If there’s one thing I love more than emojis, it’s Bitmojis. Scroll through any of my recent text messages and you’ll find that I use them excessively frequently in conversations with friends and family. Fortunately, though, it doesn’t seem like I’m the only one. Even my Facebook-less dad has gotten on the Bitmoji train.
For this week’s post, I decided to look into Bitmoji to try to understand the reason for its recent success. Here is what I found:
In 2008, a web and mobile application called Bitstrips was founded, allowing users to create comic strips featuring personalized avatars. However, in 2014 Bitstrips decided to shift its focus from comic strips to digital stickers, which they called Bitmoji. Marketed as “your own personal emoji” and “a digital expression of yourself”, the Bitmoji app lets users create customized cartoon avatars, which then appear in a variety of sketches with messages like “good morning” and “happy birthday”. The app (available for free download on iTunes and Google Play) appears as a separate keyboard when you open your messages.
The popularity of Bitmojis and emojis more generally marks a trend toward more visual communication. Some may say that this change is not one for the better, arguing, for example, that the use of emojis leads to more ambiguous messages. Others, however, believe that it fills a gap by adding feeling to our online conversations.
Regardless of your opinion on emoji-use, it’s hard to ignore the growth that Bitmoji has seen in the last 4 years. In fact, in a period between early 2015 and late 2016, the app’s popularity among unique visitors over the age of 18 grew by a reported 5,210%. This meant that by the end of 2016, Bitmoji was getting more than 10 million unique visitors per month.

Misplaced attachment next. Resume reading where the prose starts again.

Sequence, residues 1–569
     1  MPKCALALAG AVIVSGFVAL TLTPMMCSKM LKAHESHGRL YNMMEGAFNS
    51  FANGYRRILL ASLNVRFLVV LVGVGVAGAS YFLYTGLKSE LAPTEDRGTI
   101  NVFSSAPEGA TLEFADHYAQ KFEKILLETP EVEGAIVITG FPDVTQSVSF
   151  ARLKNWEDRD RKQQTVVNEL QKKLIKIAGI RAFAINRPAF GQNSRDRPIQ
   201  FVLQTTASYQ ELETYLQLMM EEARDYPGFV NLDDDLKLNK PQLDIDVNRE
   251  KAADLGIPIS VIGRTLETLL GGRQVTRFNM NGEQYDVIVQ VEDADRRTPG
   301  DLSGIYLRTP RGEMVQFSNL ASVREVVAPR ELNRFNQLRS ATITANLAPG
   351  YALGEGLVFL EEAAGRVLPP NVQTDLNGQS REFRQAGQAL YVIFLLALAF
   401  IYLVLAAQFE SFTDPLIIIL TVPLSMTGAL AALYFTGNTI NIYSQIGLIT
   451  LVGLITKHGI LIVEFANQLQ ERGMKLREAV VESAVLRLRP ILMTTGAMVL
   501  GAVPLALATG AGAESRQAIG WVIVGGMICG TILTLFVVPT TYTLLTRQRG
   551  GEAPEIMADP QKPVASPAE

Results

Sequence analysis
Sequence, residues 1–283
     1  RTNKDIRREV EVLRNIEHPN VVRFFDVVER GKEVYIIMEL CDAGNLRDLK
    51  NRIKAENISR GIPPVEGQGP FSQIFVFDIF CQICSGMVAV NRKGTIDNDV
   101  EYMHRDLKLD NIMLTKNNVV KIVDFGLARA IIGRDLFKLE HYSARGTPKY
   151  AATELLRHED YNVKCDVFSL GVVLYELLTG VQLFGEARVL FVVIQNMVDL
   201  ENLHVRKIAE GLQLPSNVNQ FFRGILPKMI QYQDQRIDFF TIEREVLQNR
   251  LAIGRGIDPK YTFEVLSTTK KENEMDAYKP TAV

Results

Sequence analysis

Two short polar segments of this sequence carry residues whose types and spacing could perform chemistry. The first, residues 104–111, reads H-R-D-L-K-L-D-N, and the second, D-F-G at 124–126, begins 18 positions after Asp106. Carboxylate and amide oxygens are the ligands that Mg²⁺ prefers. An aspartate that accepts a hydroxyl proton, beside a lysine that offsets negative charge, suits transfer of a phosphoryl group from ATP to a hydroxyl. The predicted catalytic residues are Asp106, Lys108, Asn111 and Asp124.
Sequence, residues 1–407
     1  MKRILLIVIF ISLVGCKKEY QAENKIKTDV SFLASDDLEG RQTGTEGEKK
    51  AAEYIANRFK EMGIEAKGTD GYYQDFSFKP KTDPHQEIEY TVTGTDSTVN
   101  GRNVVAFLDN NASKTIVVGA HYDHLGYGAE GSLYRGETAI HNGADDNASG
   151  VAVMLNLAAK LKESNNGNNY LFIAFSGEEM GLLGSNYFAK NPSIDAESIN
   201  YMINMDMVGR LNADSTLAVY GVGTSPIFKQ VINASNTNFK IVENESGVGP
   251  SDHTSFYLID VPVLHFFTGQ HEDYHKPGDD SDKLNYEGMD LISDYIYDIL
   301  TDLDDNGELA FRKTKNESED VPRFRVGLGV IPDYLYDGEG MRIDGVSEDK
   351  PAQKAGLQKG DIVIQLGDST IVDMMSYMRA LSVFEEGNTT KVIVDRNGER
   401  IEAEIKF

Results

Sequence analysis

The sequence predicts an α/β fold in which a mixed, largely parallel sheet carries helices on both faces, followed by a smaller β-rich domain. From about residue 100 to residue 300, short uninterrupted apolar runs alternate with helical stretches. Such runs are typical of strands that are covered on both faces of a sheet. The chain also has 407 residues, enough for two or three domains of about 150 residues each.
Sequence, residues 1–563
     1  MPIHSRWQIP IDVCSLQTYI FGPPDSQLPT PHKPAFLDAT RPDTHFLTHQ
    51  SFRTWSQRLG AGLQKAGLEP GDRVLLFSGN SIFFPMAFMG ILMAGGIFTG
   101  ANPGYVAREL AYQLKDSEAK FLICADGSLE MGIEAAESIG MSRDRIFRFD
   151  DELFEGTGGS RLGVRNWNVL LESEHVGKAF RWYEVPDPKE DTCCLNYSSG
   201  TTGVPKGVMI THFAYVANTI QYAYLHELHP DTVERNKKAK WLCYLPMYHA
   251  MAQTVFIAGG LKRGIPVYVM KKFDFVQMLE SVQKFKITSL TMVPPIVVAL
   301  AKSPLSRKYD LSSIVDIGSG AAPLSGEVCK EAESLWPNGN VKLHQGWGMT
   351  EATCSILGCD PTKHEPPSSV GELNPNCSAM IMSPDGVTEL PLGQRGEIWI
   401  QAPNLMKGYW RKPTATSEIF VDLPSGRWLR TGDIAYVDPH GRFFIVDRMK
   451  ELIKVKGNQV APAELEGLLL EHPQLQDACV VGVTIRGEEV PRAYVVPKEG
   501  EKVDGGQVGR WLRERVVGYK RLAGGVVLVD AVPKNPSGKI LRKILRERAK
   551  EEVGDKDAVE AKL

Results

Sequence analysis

While certainly not the biggest number when compared to other apps, Bitmoji’s growth attracted the attention of Snap Inc. In March of 2016, Snap acquired Bitstrips for more than $100 million in cash and stock. Now you may be wondering, what does Snap see in Bitmoji to warrant such a high purchase price? Well, the answer lies in the fact that Snapchat and Bitmoji actually have quite a bit in common. Bitmoji’s business model works by essentially making users a part of an ad, a technique that Snapchat is familiar with. Snapchat features like lenses and filters already let users animate photos of themselves to include things like company, product and T.V. show placements. According to Paresh Dave of the LA Times, “the Snapchat ecosystem puts the emphasis on creation of content,” and the addition of Bitmoji is “another great piece in that creation toolkit for users.”
Since the acquisition, Snap has been encouraging users to link their Bitmoji and Snapchat accounts so that their avatars can appear in the Snapchat app. The social media app has also added features like Friendmoji (which creates stickers of you and the person you are snapchatting), 3D Bitmoji world lenses, and Bitmoji filters to their arsenal. In keeping Bitmoji as a separate business unit while also integrating its capabilities into the Snapchat app, Snap has helped Bitmoji continue to grow. In a 2017 study, Bitmoji was recognized as the number 1 most downloaded app in five markets, including the U.S., U.K., France, Canada, and Australia. Bitmoji’s swift ascension was a marked difference to its 2016 (pre-acquisition) standing where it wasn’t even among the top 10.
In the spirit of growth, Snapchat announced last week that it was making a major update to Bitmoji. Currently, the app’s users can choose between two “styles” of avatars: Bitmoji “Classic” and Bitstrips. The update will add a third option, which they’re calling Bitmoji Deluxe and will additional skin tones, hairstyles, hair colors and facial features, among others. On top of adding hundreds of more ways to customize your avatar, Bitmoji Deluxe will allow users to take a selfie which they can then use as a reference when creating their avatars. Snapchats goal in releasing this update is to let users build more ‘inclusive’ and ‘accurate’ representations of themselves.
Last week’s announcement has renewed discussions on Bitmoji’s growing popularity and the sustainability of its business model. Bitmoji’s acquisition by Snapchat, one of the biggest social media apps is enough to convince most people of its viability. Some, however, still question the app’s long-term viability. Either way, it’s clear Bitmoji is contributing to the growth on nontraditional ads; the digital sticker market is still in its infancy and it will take more time to tell whether it will be embraced by marketers.
In the meantime, though, I’ll continue to insert my bitmoji whenever possible.